Windows Server, version 1803 (Semi-Annual Channel) or later 
Windows Server 2019


 



  • To Allow Read Only to USB for User Group: 


Supposed that you have 2 security group of users, the “USB Read only Users” and the “USB Read and Write Users” created in Azure AD. An User will have Read or Write access depended on the related group membership. 


To prevent users from writing to the USB drive (Preventing “Copy and paste” of Corporate data from other source to USB drives): 
      – Creating an Endpoint Manager Custom configuration profile for Windows 10 or later  
         Type: Custom,
         OMA-URI: .Uservendormsftpolicy[config|result]Storage/RemovableDiskDenyWriteAccess


TanTran_12-1614926718667.png


 


 


                – Assign the policy to include group: “USB Read only Users” 


                                                  Exclude group: “USB Read and Write Users” 


TanTran_13-1614926718668.png


 



  • To Allow Read Only on USB for Device Group: 

    •  You will do the same as the above steps but in Custom OMA-URI, replace the User path with Device path and assign it to the device groups.  
      To prevent devices from writing to the USB drive (Preventing “Copy and paste” of Corporate data from other source to USB drives): 
      Creating an Endpoint Manager Custom configuration profile for Windows 10 or later  
      Type: Custom, OMA-URI 
       .Devicevendormsftpolicy[config|result]Storage/RemovableDiskDenyWriteAccess 
      Assign the policy to include group: “USB Read only devices” 
                                             Exclude group: “USB Read and Write devices”  




 


 


More information: Policy CSP – Storage – Windows Client Management | Microsoft Docs 



  • If you use Bitlocker Encryption for USB, then, do not use the above Deny Write Access policy because it will override the “Deny write access to removable drives not protected by BitLocker” Policy as per the following statement: 


 If the “Removable Disks: Deny write access” group policy setting is enabled this policy (Deny write access to removable drives not protected by BitLocker) setting will be ignored. 


You should use the Bitlocker Deny Write Policy Setting instead. 


 



  • To Allow Read Only to USB encrypted by Bitlocker: 


Create an Admx configuration profile : 



  • Computer ConfigurationWindows ComponentsBitlocker Drive EncryptionRemovable Data Drives 


TanTran_14-1614926718670.png


 



  • Configure the setting as follow: 


TanTran_15-1614926718671.png


 



  • O.K 


Testing on Client Workstation, Windows 10: 


When you plug the USB drive into system and the drive was not encrypted by bitlocker before, you will be prompt to encrypt it first before you could use the USB drive. 


TanTran_16-1614926718673.png


 


Then, you have to enter your secret password to protect the USB from being used by others. USB will be encrypted and ready for use. 


TanTran_17-1614926718674.png


 



  • Choose the encryption option: 


TanTran_18-1614926718675.png


 


 



  • Next, Next,  


TanTran_19-1614926718676.png


 


Next time, when you plug the Bitlocker USB drive into system, you will need to unlock the drive by your secret password above.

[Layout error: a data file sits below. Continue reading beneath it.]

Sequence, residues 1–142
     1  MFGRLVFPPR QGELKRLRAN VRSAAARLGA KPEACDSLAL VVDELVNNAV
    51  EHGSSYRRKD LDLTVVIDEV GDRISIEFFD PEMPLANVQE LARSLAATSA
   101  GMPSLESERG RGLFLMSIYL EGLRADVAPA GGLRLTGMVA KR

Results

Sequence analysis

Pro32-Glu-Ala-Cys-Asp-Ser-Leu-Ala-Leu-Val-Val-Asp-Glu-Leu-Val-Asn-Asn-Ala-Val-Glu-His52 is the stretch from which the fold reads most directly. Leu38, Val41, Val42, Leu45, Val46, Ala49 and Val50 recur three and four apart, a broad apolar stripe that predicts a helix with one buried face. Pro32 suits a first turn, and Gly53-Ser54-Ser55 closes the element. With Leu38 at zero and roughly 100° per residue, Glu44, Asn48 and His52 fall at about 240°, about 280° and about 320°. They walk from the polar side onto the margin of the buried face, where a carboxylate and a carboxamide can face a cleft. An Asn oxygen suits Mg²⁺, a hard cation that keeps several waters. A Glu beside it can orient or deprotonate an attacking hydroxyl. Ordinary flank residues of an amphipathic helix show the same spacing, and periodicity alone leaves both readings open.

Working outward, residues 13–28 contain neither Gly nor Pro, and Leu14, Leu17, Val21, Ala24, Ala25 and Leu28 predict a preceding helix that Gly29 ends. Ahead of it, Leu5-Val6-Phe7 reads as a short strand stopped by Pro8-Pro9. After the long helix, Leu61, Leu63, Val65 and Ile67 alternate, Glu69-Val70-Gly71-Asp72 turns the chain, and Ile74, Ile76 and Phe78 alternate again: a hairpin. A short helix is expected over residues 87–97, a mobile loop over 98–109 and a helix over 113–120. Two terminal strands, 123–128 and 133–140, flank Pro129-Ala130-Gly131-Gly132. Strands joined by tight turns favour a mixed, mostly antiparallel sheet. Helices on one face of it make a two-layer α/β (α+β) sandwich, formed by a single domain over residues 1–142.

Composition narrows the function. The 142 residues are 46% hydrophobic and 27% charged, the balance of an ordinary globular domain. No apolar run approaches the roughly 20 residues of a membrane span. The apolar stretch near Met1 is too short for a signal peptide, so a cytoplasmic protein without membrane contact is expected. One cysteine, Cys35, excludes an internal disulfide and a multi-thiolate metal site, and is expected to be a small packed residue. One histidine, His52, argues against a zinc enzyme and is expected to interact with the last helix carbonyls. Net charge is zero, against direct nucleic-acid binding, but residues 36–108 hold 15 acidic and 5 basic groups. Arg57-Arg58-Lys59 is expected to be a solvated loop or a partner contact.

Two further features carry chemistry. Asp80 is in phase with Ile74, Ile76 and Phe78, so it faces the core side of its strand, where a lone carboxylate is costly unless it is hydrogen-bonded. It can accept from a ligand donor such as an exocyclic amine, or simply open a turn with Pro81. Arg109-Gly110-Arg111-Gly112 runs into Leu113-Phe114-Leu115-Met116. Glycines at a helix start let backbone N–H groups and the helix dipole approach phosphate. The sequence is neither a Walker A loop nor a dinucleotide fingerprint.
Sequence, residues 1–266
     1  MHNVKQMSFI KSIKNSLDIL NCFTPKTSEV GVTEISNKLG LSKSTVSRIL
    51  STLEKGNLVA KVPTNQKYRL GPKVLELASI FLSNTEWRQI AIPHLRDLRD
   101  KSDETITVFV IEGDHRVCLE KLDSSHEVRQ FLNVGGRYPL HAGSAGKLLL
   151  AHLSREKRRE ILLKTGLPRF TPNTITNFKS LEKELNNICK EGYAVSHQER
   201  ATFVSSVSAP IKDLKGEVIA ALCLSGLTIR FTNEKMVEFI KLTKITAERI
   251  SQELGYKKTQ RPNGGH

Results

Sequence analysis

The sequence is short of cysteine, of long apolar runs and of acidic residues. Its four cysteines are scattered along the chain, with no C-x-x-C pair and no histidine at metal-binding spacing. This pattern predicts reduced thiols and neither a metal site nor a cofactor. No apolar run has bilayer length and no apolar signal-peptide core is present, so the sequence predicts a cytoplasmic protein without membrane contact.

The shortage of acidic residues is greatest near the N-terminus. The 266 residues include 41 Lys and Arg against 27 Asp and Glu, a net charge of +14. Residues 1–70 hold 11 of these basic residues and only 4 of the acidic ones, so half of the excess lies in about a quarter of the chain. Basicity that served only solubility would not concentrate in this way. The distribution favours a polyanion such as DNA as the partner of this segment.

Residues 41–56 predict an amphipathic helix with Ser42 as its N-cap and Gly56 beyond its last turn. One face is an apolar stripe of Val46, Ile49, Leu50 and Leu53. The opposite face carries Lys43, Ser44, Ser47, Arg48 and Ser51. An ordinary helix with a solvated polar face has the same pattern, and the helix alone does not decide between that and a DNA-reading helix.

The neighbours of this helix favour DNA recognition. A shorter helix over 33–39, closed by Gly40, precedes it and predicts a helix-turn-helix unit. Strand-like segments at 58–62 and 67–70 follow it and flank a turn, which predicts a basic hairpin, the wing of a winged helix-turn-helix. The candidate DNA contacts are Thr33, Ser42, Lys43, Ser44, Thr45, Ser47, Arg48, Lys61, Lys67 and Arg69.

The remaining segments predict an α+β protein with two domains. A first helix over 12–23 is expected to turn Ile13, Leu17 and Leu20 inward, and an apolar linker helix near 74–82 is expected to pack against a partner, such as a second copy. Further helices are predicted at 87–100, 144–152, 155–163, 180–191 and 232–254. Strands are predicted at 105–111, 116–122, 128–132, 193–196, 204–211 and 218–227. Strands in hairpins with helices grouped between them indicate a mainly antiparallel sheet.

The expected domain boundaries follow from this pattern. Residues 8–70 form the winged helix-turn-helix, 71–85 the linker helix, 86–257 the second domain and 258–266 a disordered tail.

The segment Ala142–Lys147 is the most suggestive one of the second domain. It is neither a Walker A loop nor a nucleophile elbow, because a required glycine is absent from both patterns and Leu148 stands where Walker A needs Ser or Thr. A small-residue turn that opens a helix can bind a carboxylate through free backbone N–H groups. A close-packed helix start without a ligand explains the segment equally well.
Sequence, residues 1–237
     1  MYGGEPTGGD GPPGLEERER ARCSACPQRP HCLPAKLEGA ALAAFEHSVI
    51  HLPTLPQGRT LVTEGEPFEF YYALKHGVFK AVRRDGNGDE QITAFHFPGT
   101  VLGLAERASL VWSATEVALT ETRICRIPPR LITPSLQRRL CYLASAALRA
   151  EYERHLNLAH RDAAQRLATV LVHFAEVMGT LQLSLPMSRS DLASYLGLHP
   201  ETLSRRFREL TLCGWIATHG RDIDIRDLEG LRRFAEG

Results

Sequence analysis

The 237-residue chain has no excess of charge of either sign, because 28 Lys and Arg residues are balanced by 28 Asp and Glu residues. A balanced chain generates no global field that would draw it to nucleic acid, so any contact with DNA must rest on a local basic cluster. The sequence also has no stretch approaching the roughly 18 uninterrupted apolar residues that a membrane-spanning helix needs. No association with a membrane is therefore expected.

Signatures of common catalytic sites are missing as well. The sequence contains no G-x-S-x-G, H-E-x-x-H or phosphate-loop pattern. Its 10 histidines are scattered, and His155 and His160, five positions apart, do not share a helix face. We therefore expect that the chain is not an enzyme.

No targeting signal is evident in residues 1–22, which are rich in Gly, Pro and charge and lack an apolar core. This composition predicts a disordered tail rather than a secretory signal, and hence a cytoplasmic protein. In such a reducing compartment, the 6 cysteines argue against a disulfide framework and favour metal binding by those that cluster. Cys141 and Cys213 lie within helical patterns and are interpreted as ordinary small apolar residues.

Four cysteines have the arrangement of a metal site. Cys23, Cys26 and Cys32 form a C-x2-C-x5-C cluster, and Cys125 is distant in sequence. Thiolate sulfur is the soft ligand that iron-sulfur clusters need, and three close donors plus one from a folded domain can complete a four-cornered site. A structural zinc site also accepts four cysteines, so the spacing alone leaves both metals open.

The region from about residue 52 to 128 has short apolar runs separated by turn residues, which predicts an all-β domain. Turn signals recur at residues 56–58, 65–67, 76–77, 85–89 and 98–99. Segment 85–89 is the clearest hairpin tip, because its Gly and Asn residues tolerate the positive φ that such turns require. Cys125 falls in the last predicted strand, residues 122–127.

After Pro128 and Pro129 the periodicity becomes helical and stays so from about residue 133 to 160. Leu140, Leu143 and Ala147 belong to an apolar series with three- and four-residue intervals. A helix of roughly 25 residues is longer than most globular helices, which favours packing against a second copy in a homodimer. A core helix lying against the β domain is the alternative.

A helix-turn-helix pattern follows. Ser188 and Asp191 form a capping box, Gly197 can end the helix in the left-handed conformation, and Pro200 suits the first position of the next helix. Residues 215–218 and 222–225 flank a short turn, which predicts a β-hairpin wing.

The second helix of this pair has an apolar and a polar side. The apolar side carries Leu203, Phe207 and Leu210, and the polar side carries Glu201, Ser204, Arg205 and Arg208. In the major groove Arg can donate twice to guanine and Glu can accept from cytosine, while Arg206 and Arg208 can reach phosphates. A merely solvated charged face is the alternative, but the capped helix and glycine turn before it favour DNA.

TanTran_20-1614926718704.png


 


             Enter password previously setup during bitlocker configuration time:


TanTran_21-1614926718677.png


  


Monitoring and Audit USB Access: 



  • To view report on activities of USB disk across the organization,  


You could use the M365 Security Center and run the device control report. Records may have a 12-hour delay from the time a media connection occurs to the time the event is reflected in the report card. 


In the Microsoft 365 security center by going to Reports > Device protection. 


 


TanTran_23-1614926718705.png


 


         The View details button shows more media usage data in the device control report page. 


TanTran_24-1614926718707.png


 


 



  • To Audit USB disk activities 


Hunting USB PnP Device Events: 


In SecurityCenter.windows.com, select the Advanced huntingicon TanTran_25-1614926718680.png


 


Run query for Device Events related to USB Device (plug and play – PNP device) with extended attributes: 


DeviceEvents 


| where ActionType == “PnpDeviceConnected 


| extend ParsedFields=parse_json(AdditionalFields) 


|project  ClassName=tostring(ParsedFields.ClassName), DeviceDescription=tostring(ParsedFields.DeviceDescription), 


DeviceId=tostring(ParsedFields.DeviceId), VendorIds=tostring(ParsedFields.VendorIds), DeviceName 


 


   Hunting for USB drive  and the USB manufacturer is NOTscandisk: 


 


DeviceEvents 


| where ActionType == “UsbDriveMount“  


| where tolower(tostring(todynamic(AdditionalFields).Manufacturer)) != “scandisk”  


| project USBMountTime = Timestamp, DeviceId,DeviceName , DriveLetter = tolower(tostring(todynamic(AdditionalFields).DriveLetter)), ProductName = tolower(tostring(todynamic(AdditionalFields).ProductName)),Manufacturer = tolower(tostring(todynamic(AdditionalFields).Manufacturer)), SerialNumber = tolower(tostring(todynamic(AdditionalFields).SerialNumber)), AdditionalFields, Timestamp   


   


– To do Advanced Hunting for USB drives’ activities by MDE



  • Use Microsoft Defender for Endpoint Advanced hunting, run the query to detect activities of any USB flash disk’s usage in your corporate environment. 

  • Detail steps are in the article “

    Advanced hunting updates: USB events, machine-level actions, and schema changes


    DeviceEvents
    | where Timestamp > ago(1d)
    | where ActionType == "UsbDriveMount"
    | project USBMountTime = Timestamp, DeviceId, AdditionalFields